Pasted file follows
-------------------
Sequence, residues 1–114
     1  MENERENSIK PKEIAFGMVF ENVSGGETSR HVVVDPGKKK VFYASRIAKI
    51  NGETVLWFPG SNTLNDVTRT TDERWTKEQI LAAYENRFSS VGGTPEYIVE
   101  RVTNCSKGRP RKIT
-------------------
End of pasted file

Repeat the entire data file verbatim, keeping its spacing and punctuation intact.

Sequence, residues 1–114
     1  MENERENSIK PKEIAFGMVF ENVSGGETSR HVVVDPGKKK VFYASRIAKI
    51  NGETVLWFPG SNTLNDVTRT TDERWTKEQI LAAYENRFSS VGGTPEYIVE
   101  RVTNCSKGRP RKIT